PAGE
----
SEDP field test

The SEDP field test sessions were conducted on an outdoor standard 400-m athletics rubber track over 2 consecutive days from 08:00–12:00 under similar weather conditions (temperature: 27 ± 2 °C; humidity: 68 ± 4%). During the SEDP field testing session, all skiers used the same model of roller skis (Nord, Ski Skett, Sandrigo, Italy) and carbon fiber poles (One Way, Diamond Storm, Helsinki, Finland), although pole lengths were adjusted according to their individual preferences.

Following a 15-min warm-up period at an intensity of 60–70% of peak HR DP roller skiing, participants were instructed to complete three-lap DP roller skiing trials at 16 km·h−1, a velocity chosen based on a pilot test. Additionally, this velocity provided novice skiers with a comfortable and sustainable pace while providing an engaging exercise intensity in both groups. Before the data collection, each subject performed two practice DP roller skiing trials at 16 km·h−1 on the outdoor athletic track to familiarize themselves with the desired speed. The participants were paced by a technician who carried a calibrated electronic speedometer on a bicycle and rode in front of the participants1,41. The speed was measured with a stopwatch according to the time used to complete each course lap. The speed for each loop was different, with an average value of about 0.4 km·h−1 deviating from the ideal speed.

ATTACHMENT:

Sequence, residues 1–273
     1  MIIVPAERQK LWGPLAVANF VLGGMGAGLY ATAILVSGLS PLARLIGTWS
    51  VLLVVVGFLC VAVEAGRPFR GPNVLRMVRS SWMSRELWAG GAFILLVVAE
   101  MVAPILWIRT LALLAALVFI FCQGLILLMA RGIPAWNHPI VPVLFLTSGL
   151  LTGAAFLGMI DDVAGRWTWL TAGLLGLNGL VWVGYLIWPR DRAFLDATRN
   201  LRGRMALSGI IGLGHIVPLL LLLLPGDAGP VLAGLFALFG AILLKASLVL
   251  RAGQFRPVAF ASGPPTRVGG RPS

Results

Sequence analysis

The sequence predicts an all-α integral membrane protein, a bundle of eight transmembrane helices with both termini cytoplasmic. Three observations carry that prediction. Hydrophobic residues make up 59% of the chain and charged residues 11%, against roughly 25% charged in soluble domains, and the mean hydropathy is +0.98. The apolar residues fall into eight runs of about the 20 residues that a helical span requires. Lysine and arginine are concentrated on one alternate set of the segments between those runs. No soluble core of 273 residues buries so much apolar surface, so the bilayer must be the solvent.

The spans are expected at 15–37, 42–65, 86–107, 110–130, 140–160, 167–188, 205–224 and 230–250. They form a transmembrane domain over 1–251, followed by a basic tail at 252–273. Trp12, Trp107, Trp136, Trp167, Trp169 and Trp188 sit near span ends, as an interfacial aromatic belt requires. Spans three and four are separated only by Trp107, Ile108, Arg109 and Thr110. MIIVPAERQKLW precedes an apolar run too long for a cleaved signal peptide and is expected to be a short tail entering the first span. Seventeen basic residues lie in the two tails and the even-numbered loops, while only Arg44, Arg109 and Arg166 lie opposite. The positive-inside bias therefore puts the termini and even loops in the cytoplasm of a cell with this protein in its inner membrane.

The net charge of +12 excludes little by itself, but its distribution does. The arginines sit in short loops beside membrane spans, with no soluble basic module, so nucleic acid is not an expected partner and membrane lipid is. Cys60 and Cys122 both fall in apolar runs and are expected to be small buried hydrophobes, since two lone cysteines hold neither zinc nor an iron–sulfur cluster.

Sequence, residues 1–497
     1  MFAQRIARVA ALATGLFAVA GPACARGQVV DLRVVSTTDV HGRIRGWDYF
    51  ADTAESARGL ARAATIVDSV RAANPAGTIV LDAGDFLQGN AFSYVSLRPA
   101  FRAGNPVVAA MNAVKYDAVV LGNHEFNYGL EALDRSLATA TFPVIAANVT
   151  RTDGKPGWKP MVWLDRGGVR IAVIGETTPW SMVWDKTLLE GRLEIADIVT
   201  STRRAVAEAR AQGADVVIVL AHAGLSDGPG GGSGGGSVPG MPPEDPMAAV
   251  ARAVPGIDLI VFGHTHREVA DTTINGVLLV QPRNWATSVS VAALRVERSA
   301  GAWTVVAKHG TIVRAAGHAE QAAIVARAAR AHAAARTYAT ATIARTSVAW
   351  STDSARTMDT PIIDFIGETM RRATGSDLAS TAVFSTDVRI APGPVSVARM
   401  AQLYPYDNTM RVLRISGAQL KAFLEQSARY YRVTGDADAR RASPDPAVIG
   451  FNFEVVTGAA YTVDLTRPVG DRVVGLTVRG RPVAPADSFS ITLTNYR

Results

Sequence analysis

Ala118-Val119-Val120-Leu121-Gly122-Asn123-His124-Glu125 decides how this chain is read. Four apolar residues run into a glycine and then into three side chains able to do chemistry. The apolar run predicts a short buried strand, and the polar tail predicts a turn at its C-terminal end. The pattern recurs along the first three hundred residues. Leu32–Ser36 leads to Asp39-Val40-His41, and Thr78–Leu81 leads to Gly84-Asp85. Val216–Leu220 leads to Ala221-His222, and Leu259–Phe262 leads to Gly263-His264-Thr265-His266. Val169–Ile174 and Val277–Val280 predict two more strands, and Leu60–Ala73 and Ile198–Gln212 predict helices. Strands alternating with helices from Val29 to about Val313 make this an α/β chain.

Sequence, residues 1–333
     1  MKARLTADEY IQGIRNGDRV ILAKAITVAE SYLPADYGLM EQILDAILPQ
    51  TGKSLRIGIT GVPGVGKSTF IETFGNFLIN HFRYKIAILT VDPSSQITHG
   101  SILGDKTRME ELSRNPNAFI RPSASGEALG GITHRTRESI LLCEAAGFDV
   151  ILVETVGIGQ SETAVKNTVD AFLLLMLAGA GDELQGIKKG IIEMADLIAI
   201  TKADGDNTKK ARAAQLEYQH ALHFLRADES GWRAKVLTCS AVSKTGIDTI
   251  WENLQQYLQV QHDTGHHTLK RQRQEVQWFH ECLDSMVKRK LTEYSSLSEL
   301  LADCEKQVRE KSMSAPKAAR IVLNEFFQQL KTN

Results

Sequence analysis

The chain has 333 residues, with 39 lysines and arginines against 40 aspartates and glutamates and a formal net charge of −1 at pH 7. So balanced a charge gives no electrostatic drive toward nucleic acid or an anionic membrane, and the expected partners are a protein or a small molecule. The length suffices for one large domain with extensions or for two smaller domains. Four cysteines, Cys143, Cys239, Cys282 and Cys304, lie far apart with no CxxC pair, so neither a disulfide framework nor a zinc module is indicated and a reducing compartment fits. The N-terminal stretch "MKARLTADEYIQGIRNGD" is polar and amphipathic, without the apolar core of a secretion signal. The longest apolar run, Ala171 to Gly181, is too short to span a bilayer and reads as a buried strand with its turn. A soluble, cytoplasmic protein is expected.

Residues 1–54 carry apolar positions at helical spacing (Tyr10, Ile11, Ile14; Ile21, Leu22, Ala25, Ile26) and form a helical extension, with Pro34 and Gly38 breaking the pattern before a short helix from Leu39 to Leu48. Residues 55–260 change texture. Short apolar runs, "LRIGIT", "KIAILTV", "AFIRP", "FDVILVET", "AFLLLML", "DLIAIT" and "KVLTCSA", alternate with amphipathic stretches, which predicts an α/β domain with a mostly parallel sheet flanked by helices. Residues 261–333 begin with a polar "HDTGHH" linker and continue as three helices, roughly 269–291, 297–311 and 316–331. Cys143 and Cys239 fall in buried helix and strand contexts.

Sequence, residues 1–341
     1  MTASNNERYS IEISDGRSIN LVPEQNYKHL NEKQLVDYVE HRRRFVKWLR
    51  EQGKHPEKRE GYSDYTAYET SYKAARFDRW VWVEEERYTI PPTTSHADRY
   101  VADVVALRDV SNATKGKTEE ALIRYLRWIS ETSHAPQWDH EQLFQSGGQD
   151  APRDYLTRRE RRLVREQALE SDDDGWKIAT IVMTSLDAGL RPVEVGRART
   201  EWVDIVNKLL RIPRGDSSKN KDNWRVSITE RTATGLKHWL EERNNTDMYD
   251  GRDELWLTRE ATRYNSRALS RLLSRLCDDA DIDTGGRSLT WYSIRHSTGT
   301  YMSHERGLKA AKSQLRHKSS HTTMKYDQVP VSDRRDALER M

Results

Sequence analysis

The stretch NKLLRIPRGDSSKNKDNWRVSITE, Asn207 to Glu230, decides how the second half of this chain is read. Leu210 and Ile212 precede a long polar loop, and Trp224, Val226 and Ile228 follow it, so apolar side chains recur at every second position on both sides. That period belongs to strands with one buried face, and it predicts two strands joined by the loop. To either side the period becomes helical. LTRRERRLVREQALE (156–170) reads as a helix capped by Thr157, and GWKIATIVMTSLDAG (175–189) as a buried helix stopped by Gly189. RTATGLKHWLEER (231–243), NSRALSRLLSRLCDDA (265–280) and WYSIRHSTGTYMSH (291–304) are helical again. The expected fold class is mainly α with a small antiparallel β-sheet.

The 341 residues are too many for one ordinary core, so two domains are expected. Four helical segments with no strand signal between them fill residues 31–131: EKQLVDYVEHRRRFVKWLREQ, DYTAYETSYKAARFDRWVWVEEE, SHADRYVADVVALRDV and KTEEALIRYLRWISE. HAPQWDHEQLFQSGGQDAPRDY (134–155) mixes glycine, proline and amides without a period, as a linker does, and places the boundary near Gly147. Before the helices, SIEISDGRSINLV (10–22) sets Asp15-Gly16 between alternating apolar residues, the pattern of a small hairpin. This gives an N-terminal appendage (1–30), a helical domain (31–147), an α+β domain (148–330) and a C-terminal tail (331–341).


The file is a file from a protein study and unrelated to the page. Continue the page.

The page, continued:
The cardiorespiratory variables VO2, respiratory exchange rate (RER), HR, and ventilation volume (VE) were continuously monitored during the SEDP field test with the aid of an easy-to-carry metabolic system (Cosmed K4b2, Rome, Italy). We allotted three-lap DP roller skiing lasting approximately 4.5 min, allowing participants’ VO2 to reach a steady state, defined as the plateau in O2 uptake that is reached following a few min of exercise. VO2 may be altered by < 10% during the final 1 min, and the RER may drop below 1.0 at a given speed. The average VO2 (mL·kg−1·min−1) values gathered at the last minute were considered. Blood was collected from a finger prick immediately following the completion of the test, and a portable Lactate Pro LT-1710t (ArkRay Inc, Kyoto, Japan) was then used to measure [La-]. Participants were allowed to use personal poles but were instructed to use the same pair of roller skis during the SEDP field test sessions to reduce differentiation in roller resistance.